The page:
Normally, it's not ideal policy for unemployment benefits to exceed job pay, according to labor economists, who said it may cause distortions in the labor market. Republicans have argued it could create a disincentive for people to return to the workforce.
Yet many believe it was good policy at the time, when the health crisis forced people to shelter in place rather than work.
Perhaps more important, antiquated state unemployment systems couldn't handle a change to their benefit formulas to ensure pay didn't exceed prior wages, according to economists and lawmakers.
That update would have delayed payments by weeks or even months, causing undue hardship for Americans relying on the aid to pay rent and food bills, they said — which ultimately pushed Congress to compromise on the $600 benefit, which was administratively easier.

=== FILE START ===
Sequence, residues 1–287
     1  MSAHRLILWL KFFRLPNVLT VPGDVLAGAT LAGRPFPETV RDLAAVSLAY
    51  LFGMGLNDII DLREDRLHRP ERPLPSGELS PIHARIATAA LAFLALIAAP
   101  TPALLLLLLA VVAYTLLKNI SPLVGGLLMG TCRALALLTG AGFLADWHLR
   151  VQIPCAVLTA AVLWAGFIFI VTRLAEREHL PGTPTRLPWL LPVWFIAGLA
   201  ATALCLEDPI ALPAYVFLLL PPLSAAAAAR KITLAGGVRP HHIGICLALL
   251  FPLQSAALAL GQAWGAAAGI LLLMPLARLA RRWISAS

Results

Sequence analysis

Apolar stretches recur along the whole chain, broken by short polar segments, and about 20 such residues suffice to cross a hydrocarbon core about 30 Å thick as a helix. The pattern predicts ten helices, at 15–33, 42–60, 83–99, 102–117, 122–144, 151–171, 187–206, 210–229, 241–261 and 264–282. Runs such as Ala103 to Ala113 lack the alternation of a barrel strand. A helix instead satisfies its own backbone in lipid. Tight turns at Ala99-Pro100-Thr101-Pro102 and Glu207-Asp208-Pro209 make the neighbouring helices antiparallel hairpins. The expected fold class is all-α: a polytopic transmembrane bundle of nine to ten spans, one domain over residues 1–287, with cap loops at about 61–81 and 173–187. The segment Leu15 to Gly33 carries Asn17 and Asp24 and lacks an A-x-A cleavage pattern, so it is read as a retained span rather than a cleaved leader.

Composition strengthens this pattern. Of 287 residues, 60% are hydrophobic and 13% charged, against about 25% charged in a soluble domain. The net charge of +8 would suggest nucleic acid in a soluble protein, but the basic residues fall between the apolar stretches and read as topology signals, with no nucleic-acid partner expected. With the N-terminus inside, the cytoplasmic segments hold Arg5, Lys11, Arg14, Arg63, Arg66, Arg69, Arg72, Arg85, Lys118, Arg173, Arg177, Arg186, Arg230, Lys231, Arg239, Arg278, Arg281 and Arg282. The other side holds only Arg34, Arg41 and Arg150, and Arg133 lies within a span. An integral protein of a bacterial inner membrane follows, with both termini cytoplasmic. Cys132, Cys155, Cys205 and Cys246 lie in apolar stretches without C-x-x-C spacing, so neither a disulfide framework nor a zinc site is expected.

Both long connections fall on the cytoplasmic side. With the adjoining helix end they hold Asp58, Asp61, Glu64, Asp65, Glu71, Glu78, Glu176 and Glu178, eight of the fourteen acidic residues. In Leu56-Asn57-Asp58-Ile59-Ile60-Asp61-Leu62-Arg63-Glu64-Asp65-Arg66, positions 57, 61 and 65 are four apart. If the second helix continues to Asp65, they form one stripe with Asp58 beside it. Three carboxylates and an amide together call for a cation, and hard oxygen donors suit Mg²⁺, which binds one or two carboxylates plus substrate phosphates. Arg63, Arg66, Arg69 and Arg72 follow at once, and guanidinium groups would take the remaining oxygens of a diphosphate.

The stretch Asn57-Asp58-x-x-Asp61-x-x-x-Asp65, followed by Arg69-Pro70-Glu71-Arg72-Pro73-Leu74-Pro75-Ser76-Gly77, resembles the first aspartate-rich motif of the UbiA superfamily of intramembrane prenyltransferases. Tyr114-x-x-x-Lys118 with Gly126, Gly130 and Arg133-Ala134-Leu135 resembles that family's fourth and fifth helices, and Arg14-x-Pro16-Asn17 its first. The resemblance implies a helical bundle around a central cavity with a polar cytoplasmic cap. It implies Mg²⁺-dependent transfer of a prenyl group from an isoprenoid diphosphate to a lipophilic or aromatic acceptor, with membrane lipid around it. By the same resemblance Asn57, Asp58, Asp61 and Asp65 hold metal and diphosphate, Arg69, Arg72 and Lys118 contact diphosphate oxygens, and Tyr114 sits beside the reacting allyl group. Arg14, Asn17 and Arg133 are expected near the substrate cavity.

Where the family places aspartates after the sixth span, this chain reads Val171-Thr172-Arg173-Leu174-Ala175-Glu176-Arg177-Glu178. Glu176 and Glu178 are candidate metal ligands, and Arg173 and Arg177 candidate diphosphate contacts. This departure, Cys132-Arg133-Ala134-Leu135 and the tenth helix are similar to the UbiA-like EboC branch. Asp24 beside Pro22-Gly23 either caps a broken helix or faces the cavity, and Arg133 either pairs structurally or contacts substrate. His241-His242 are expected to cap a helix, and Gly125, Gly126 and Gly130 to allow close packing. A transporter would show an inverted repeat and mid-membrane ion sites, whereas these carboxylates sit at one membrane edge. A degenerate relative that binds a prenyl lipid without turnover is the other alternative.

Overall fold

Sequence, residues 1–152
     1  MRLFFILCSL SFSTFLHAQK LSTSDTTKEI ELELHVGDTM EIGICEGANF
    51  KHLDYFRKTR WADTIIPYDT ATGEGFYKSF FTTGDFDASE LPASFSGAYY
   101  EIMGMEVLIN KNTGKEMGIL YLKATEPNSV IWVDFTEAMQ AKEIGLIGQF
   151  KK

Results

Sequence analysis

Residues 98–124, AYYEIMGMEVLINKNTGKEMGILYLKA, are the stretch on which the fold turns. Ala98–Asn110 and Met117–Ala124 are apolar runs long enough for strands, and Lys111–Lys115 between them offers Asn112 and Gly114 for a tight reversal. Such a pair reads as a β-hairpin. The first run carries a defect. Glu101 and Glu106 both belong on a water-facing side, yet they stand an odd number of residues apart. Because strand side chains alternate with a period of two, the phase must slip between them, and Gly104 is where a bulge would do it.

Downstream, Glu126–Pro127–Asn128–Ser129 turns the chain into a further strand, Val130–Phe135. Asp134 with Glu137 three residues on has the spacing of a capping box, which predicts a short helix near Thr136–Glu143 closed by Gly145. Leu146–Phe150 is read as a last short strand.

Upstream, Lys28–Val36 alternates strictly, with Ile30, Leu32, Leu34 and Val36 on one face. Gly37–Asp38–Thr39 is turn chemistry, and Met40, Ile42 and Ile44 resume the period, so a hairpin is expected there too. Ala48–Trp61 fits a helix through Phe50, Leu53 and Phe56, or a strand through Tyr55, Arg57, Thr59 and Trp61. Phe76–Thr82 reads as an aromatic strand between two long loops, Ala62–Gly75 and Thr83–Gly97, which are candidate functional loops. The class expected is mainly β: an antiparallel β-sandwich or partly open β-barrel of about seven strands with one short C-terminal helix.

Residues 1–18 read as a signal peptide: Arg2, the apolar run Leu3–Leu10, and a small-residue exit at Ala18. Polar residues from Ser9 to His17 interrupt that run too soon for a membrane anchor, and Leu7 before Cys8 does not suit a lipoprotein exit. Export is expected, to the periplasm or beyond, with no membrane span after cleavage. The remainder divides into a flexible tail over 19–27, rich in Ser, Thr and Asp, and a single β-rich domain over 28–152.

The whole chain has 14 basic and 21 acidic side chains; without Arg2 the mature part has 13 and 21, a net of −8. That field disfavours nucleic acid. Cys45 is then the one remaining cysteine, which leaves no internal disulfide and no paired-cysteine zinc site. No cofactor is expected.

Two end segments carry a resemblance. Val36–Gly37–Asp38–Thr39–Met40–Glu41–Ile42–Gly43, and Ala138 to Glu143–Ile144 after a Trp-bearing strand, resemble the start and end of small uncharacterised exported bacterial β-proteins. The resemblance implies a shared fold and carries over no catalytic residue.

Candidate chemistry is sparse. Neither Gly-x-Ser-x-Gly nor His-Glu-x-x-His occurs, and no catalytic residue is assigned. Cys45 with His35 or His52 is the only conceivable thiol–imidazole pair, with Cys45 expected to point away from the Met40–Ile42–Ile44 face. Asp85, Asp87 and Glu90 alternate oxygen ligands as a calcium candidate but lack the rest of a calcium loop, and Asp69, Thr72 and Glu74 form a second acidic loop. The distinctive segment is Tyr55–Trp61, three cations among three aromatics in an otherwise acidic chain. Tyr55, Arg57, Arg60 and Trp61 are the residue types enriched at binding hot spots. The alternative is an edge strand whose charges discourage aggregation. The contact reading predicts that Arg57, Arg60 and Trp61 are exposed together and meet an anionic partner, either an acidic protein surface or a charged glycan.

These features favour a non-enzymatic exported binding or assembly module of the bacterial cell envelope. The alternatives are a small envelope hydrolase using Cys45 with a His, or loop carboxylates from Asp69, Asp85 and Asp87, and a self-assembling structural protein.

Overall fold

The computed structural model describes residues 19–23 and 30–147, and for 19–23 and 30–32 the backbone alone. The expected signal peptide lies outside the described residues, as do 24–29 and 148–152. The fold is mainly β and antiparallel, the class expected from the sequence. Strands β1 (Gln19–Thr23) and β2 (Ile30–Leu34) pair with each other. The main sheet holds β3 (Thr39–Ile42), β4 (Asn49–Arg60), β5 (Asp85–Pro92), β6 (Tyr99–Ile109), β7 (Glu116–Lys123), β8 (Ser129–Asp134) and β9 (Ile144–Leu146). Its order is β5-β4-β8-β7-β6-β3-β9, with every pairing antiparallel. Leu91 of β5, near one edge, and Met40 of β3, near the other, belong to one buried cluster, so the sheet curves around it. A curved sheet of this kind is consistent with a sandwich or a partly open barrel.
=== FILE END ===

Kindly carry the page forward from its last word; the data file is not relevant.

States have struggled to pay claims even with the simpler formula. Some jobless workers went months without seeing one check.
Even now, three months after the lockdowns began, Eugene Scalia, the Trump administration's top labor official, refused to say during Senate testimony whether states would be in a place to cap benefits at 100% of individuals' prior wages.
The $600 in extra aid is scheduled to end after July 31.
Democrats want to extend it, but Republicans, emboldened by unexpected job gains last month, are unifying in opposition against it.
That complicates the situation for workers like Marfoglia, who can't yet return to work and depend on the enhanced benefits for their livelihood.
Marcus, a food server at a Boston-area Marriott hotel who was furloughed in March, would get about $300 a week from Massachusetts' unemployment system absent the extra benefits. (He requested his last name not be used for privacy concerns.)
Being on unemployment "isn't a wonderful gift to me," the 58-year-old said.